A judge's decision to halt a Crown case against 21 accused was "unjustified", a police union says.
Justice Simon France has ordered a stay of proceedings in prosecutions of those arrested as part of Operation Explorer - a police crackdown on motorcycle gang members.
During the investigation a fake search warrant, which appeared to be genuine, was prepared.
Justice France said a search warrant can only be issued by a judicial officer.
"This fake warrant, unappealingly described to me by the officers involved as 'a prop', purported to be signed by a judicial officer.''
An undercover officer using the name Michael 'Wiremu' Wilson infiltrated the Red Devils in Nelson and police orchestrated a false arrest to boost his criminal credentials.
"However one looks at it a fraud is being committed on the courts," Justice France said about the false arrest.
Police released a statement today saying that "are studying the judgement released by Justice France today and will be taking advice and considering options".
Police Association president Greg O'Connor said today that the police had "acted in good faith" and were trying to protect the agent's life.
Police "acted with the knowledge and agreement of the then-Chief District Court Judge, Russell Johnson, in doing so", the police union said.
He claimed that this included following his advice not to inform the local Nelson District Court of what was happening.
"To have the court now effectively change its mind is a slap in the face for the agent who put his life on the line for over a year," O'Connor said.
O'Connor said it was "unjustified and disproportionate" to stay proceedings "against alleged serious organised criminals solely because the High Court now takes offence at the subterfuge involved in constructing a credible cover story for the undercover agent".
He said the court is punishing the public with its decision.
"The Red Devils gang will be empowered by this decision and the good people of Nelson will now have to put up with the consequences," O'Connor said.
Justice France also said it appeared the police's conduct had components of committing criminal offences.
''The search warrant would seem to engage section 256 of the Crimes Acts 1961 and the swearing of a false information would seem to engage section 110 of the Crimes Act.''
He said he thought it reasonable to proceed on the basis that no charges would be laid from the police actions.
O'Connor claims that "the subterfuge in building a criminal record for the undercover operative was necessary to reduce the very real risk to his (the officer's) life".
"The fact the agent had an artificially constructed back-story did not cause, encourage or enable anyone to offend. They were allegedly doing that anyway."
Lawyers for the defendants argued the police action was an abuse of the court process and said the charges - which include drugs, firearms and conspiracy to take part in an organised group offences - should be thrown out.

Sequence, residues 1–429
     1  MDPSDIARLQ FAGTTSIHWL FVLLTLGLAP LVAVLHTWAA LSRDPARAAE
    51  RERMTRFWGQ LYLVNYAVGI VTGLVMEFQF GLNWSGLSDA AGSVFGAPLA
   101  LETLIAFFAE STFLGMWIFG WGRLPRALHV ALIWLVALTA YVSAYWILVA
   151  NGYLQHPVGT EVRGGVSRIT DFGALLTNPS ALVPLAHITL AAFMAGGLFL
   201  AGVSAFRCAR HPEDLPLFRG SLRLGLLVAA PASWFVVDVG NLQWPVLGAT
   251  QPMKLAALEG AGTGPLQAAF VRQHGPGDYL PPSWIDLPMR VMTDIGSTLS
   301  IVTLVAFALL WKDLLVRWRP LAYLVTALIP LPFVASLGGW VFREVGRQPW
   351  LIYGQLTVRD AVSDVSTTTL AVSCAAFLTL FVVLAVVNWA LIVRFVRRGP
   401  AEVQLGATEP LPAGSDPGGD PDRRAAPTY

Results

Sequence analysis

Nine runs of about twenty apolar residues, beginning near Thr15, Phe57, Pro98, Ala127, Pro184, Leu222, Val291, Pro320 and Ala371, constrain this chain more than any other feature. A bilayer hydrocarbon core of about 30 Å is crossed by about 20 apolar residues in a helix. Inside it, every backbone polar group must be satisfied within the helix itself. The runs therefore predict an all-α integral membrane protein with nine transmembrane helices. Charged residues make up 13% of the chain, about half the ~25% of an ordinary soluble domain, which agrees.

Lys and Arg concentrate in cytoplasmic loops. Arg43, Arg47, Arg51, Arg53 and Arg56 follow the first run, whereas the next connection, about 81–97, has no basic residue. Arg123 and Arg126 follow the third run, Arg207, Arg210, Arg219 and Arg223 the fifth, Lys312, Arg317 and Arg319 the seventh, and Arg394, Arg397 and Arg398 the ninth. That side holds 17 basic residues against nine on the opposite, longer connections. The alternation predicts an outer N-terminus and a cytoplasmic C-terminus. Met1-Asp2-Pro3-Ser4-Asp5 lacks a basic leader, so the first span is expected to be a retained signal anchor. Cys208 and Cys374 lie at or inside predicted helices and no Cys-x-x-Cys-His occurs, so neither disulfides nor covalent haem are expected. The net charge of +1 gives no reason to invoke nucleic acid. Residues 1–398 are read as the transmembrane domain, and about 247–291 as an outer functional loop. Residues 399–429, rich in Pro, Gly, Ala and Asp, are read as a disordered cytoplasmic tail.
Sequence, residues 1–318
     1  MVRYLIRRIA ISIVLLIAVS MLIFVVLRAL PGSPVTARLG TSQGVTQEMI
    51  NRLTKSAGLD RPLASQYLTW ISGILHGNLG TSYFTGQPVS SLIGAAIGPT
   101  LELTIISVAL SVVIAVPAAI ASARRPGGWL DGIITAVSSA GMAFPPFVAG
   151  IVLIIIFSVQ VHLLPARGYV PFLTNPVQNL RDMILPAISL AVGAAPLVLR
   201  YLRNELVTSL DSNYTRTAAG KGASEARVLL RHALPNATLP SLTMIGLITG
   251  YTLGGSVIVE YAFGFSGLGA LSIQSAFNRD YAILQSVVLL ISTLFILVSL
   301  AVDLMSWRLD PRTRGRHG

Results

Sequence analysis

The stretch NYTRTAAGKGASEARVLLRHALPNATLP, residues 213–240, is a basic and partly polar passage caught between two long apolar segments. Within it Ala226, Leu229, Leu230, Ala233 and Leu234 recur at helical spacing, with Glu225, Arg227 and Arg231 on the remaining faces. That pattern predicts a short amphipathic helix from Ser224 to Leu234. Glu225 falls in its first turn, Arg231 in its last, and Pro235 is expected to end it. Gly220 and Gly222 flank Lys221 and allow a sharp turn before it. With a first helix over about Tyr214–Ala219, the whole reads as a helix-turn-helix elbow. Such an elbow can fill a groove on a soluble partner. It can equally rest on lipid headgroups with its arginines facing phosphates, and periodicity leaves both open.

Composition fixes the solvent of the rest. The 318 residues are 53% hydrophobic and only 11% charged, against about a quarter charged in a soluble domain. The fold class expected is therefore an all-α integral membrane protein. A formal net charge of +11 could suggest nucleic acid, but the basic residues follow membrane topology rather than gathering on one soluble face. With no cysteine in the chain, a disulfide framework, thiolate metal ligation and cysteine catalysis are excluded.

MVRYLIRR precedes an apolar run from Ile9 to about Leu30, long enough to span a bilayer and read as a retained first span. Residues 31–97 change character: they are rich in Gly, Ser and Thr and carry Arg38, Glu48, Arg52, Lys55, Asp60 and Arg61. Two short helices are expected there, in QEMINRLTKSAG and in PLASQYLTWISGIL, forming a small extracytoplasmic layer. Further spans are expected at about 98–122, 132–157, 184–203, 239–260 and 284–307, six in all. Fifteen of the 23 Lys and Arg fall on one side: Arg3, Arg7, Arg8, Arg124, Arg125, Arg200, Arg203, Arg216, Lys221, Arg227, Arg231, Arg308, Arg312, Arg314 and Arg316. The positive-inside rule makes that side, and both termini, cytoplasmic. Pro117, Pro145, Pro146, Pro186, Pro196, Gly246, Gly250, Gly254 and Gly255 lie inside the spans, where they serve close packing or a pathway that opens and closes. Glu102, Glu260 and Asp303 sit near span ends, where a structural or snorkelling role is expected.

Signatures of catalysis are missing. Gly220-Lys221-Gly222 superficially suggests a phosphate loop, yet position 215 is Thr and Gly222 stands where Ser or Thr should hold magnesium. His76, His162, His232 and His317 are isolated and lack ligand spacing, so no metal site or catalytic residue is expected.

France today agreed it was an abuse of court process.
He said: ''I see the actions of the police in this case as involving serious misuse of the court, and a troubling misunderstanding of its functions.
''Anything other than a significant response runs the risk of being seen as rhetoric. In the end I consider it comes down to how serious one sees the conduct as being, and what price the system is being asked to pay in order to preserve its integrity.
''I doubt a false information about a fictional offence will again be sworn,'' France said.
"Wilson" was charged with possessing equipment to cultivate cannabis in May 2010. He also twice failed to appear in court to enhance his standing with gang members and warrants were issued for his arrest. The charges were eventually withdrawn when the operation ended in March 2011.
Court staff, the judges he appeared before and some police officers did not know the arrest was a fake. However, police have argued the hoax was necessary as "Wilson" was threatened by a gang member.
Police sought the permission of then Chief District Court Judge (the late) Russell Johnson after the arrest, the Nelson District Court was told in July.
Operation Explorer was headed by Detective Inspector Grant Wormald who also supervised the joint FBI-police raid on Kim Dotcom's Coatesville home for the Organised and Financial Crime Agency. Wormald was not a decision maker in regard to the arrest and prosecution of Wilson, police said.
He is facing allegations he lied under oath about illegal spying on the German millionaire. In a court hearing last month Dotcom's lawyer, Paul Davison, accused Wormald of giving "inconsistent" testimony about surveillance by Government Communications Security Bureau (GCSB) on behalf of police.
Wormald had told the court no other agency had been involved in the spying - but it has since emerged GCSB was illegally monitoring communications from Dotcom and his co-accused, Bram van der Kolk, for a month before his January 20 arrest.
Dotcom's legal team have indicated they will lay a complaint with the Independent Police Conduct Authority.